My favorite way to get into the swing of using and hearing my voice? Reading out loud. You’ll get a chance to hear your own voice and practice cold reading simultaneously. I also like to make loud noises every day. Scream, grunt, sing...anything that makes you uncomfortable. One day you will be asked to make these noises for a role and you’ll be comfortable with it. But always remember to go back to basics with vocal exercises that ensure you’re using your voice correctly and safely.
7. Your ego isn’t your amigo.
Maybe you’re the best dancer in your field/on your team/on YouTube, etc., but now you’re an actor. Accept and embrace your beginning stage. Be patient with yourself and remember that you were a new dancer once, too, and that great work takes time. Don’t come in thinking that because you have an impressive dance resume that you’ll achieve the same level as an actor without putting in the work. Will a casting director be impressed you danced on tour with Madonna? Of course. Will it land you the role as Ophelia in “Hamlet”? No.
8. Take care of your body.
I’ve found that most dancers and athletes, myself included, are so tense and tight that it’s more difficult for them to relax into their bodies, an essential part of making truthful actions. Take the time to foam roll or practice yoga. Be sure to release tension in the face and jaw.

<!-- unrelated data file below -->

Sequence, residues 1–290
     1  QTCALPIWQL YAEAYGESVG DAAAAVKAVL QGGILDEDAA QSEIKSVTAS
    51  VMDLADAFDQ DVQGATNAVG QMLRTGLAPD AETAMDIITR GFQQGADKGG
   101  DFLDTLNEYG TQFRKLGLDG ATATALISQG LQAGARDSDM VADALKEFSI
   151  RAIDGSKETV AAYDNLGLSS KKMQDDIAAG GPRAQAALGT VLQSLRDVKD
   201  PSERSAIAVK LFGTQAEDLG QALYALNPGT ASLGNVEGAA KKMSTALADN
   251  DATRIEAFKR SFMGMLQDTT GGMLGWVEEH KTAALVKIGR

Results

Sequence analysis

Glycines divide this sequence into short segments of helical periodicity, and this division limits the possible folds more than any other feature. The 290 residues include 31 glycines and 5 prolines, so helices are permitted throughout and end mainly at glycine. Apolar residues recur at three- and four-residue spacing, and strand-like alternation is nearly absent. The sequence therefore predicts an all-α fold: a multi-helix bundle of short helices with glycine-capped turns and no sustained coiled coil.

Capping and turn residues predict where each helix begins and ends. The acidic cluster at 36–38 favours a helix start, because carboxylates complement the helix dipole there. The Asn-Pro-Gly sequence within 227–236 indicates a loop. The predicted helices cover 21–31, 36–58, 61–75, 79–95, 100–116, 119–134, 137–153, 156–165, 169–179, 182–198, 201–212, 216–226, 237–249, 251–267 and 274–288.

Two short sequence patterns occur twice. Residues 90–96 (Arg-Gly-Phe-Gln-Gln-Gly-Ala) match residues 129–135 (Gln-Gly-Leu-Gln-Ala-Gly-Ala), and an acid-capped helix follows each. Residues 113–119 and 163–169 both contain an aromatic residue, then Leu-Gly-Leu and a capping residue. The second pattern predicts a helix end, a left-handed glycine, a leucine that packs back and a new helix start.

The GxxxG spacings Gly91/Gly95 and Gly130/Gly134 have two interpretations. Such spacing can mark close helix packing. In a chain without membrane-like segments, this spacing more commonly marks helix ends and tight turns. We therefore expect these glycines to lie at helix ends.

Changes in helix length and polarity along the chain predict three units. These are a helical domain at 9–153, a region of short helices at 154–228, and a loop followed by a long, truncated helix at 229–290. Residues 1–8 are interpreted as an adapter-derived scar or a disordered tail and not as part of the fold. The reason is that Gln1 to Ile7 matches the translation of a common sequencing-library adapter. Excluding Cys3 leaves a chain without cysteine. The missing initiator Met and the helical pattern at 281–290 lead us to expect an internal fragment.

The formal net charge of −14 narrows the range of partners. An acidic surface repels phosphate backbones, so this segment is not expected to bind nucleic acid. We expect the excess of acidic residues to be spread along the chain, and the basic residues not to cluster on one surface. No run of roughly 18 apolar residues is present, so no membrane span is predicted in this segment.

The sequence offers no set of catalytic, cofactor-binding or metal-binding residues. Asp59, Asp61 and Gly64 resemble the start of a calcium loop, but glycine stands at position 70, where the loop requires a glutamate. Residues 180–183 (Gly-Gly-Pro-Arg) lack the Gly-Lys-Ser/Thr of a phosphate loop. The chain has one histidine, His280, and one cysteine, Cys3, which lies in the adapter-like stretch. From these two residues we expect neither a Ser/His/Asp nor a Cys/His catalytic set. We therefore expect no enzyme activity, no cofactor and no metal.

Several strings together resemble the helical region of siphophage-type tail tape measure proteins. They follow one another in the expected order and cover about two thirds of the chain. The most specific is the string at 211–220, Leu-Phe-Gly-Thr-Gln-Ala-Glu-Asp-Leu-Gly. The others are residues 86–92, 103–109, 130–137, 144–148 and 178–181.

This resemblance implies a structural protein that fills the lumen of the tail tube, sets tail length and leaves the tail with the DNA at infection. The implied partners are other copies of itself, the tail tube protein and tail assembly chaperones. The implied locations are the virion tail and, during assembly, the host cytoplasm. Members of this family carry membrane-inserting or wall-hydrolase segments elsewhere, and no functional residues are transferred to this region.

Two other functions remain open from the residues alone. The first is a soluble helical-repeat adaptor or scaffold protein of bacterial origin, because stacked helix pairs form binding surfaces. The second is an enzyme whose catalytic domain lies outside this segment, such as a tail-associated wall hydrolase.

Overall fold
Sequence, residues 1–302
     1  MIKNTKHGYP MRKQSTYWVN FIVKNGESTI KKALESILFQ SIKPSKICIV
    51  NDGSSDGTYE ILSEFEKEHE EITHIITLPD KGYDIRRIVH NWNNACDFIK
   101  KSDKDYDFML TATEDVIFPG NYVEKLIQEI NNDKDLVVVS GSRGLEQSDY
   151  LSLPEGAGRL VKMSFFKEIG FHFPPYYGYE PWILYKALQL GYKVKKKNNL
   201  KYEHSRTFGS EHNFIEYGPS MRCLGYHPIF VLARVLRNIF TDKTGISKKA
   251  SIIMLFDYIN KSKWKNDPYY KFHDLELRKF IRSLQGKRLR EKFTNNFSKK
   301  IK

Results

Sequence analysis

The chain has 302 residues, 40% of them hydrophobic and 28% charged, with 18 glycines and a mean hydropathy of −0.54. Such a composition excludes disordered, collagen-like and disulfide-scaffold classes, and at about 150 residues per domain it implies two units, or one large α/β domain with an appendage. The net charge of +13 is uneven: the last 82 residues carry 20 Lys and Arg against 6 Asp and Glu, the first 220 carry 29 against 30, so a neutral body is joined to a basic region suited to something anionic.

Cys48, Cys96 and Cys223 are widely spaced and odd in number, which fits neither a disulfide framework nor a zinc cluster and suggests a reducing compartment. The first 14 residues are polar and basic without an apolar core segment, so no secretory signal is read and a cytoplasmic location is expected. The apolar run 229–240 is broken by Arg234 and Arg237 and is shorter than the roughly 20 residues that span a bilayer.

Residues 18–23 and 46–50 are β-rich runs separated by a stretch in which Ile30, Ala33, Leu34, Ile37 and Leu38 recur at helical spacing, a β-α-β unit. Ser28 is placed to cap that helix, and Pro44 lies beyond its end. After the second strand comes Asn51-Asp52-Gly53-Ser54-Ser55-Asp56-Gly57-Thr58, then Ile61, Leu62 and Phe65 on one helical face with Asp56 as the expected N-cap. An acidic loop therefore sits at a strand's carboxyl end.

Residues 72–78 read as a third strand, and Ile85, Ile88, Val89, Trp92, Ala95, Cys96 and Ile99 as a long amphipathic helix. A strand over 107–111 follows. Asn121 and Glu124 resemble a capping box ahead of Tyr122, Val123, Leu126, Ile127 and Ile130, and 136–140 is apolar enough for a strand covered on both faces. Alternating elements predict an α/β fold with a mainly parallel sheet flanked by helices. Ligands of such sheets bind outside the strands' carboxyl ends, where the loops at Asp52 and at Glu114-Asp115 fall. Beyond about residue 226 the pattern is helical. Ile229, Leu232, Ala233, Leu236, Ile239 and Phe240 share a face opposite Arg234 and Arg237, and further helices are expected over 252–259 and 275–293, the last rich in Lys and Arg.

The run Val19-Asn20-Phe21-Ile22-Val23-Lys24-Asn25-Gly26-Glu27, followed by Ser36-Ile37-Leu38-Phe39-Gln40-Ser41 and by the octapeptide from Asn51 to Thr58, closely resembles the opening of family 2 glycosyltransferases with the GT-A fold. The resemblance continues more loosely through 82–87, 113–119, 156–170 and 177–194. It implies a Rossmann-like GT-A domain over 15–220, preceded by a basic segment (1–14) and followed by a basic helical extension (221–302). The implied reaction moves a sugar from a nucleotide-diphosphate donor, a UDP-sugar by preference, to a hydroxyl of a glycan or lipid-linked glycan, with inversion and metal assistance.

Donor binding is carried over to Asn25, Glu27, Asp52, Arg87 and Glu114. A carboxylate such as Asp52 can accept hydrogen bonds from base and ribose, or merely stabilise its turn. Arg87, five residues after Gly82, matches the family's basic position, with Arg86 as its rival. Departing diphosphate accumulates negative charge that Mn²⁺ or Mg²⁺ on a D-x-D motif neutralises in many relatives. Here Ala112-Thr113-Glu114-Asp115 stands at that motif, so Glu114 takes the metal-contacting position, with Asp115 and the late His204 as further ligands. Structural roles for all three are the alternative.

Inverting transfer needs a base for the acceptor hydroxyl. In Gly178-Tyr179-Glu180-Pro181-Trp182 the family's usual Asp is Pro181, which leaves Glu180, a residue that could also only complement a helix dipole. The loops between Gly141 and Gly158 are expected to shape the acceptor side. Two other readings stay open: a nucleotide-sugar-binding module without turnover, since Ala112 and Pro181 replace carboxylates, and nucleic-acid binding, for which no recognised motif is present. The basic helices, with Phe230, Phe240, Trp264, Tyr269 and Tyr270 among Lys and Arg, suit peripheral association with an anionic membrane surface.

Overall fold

9. Find stillness.
This was a hard concept for me to grasp. As a dancer, my first instinct is to create movement. When one of my coaches told me I should be still until there’s motivation to move, it all clicked. There is beauty in stillness. You may find stillness feels awkward and unnatural, but your work will be much more truthful when you only have motivated movements.
10. Relationships are the foundation of acting.
No matter what school or coach you decide to work with, they would all agree on the importance of relationship. Depending on what style of dance you’re used to, you might have no or tons of experience with a partner. A lot of dancers tend to focus on their own performance. That won’t do you any good as you transition—acting will challenge you to focus on your partner and your relationship to them. Think about the facts of the characters and your emotional relationship to each of them. Be specific; there’s no such thing as the actor who is too specific. Find the love and play positive choices. Creating relationships is your job as an actor.
I have found many advantages of being a dancer when becoming an actor. If you decide to transition, be sure you’re willing to put in the work. Respect the profession and respect yourself. Whether you’re an actor, dancer, or both, you’re a storyteller and it’s a wonderful job to have.
Jessica Davis moved to NYC as a professional dancer four years ago from Ohio, where she danced for the NBA and transitioned into acting while living here, continuing to study at the Tom Todoroff Conservatory. Since being here, she's performed in Off-Broadway plays, musicals, and local theater. She would like to thank her dramaturgy professor, Meron Langsner, for encouraging her to publish this article, her coach, Tom Todoroff for this insight and knowledge, and her parents, for teaching her to be fearless and to follow her dreams.